The point is not to drone on about how great LinkedIn is, but this does give one a better sense of how LinkedIn has become a budding "Wall Street darling." However, while LinkedIn has seen its fair share of competitors without showing any signs of slowing down, it will have to continue to prove that it has value beyond being that place you keep your virtual resume and get spammed by marketers and recruiters.
But this brings me back to the headline. Jon Bischke recently penned a Quora post that I've been meaning to write for some time now. While its hard to imagine anyone beating the company head-to-head over the next five years in the general professional networking sense, there's reason to believe LinkedIn is already having its standing threatened, it's just not as obvious because it's not coming from one single, obvious competitor.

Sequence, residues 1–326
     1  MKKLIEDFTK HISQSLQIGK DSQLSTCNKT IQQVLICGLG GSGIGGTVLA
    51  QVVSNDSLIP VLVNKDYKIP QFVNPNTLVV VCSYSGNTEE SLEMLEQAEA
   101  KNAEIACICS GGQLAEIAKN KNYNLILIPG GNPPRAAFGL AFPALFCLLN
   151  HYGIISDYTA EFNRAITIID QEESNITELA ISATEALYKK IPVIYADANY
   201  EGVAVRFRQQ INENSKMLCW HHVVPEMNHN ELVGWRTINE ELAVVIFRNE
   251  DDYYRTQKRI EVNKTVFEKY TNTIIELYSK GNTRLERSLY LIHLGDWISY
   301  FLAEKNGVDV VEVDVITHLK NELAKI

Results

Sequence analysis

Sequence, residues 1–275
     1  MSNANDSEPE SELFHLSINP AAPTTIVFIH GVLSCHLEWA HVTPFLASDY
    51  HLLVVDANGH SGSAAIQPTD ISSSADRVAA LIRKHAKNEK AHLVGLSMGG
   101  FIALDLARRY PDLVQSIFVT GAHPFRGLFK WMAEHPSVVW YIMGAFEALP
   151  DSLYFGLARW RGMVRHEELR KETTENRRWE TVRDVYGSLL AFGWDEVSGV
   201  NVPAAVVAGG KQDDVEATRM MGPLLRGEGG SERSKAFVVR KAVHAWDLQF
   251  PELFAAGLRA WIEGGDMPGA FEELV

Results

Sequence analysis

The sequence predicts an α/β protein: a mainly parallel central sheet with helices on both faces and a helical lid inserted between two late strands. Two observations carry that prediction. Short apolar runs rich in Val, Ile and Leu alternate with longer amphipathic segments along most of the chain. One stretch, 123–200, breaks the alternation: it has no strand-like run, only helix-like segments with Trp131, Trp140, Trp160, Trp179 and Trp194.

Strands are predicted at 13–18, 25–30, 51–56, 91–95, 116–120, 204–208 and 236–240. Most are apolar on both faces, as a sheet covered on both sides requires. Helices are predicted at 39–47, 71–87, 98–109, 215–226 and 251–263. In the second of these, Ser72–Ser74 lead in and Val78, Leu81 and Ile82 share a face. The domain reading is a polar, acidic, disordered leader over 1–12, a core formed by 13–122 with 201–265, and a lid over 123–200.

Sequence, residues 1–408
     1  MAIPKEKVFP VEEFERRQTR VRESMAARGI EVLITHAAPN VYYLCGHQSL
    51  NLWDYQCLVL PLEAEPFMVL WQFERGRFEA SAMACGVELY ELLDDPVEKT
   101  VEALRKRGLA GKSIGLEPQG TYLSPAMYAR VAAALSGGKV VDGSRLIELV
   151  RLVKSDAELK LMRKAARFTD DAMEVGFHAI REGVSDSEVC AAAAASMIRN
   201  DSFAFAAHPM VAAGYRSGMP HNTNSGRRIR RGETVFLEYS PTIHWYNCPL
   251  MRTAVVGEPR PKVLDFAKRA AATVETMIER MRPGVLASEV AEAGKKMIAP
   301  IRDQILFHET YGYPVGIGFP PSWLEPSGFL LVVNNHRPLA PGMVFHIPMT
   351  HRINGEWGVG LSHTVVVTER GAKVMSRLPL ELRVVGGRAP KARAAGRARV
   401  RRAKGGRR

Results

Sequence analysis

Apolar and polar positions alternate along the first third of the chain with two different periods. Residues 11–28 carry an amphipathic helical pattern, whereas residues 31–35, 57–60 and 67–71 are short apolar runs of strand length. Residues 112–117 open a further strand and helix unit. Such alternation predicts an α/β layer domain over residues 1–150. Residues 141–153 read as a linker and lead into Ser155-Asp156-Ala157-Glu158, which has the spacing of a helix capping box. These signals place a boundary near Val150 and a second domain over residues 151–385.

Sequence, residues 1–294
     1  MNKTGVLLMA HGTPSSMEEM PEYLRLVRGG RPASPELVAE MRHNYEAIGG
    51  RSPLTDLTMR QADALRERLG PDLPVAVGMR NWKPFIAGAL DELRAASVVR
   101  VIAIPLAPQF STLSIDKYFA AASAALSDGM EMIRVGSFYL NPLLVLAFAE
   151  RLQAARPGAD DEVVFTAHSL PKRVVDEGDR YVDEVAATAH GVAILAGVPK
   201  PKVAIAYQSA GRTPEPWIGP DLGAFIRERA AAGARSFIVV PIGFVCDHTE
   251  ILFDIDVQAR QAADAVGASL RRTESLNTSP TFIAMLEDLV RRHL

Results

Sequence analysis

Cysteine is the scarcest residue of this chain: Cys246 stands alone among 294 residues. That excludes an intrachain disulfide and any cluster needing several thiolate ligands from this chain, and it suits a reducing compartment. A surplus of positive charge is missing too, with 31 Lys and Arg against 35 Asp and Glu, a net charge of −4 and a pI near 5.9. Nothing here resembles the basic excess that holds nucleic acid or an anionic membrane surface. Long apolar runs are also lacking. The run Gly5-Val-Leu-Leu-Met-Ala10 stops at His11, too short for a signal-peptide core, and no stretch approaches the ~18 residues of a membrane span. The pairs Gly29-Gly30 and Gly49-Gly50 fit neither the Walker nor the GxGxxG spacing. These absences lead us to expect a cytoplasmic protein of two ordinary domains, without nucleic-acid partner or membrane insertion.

Natasha's recent post on LinkedIn and our changing relationship with social networking begins to make the case from the user experience perspective. In the post, she notes that, for a long time, when accepting connections on LinkedIn, we've tended to keep our circles small. If you receive a request, you might only accept it if that person is a close professional connection. But, of late, with more and more users, that's changing. Over time, our connections have become diversified - some would say with negative consequence, i.e. more noise.
The truth is that those who get the most out of LinkedIn use the network as a means to connect with others in their particular line of work, particularly in those industries that haven't had strong, online alternatives for professional networking. In that way, LinkedIn becomes a useful way to share knowledge, say articles or research with a targeted audience, leveraging industry-specific discussion forums and beyond to better connect with those working in the same profession.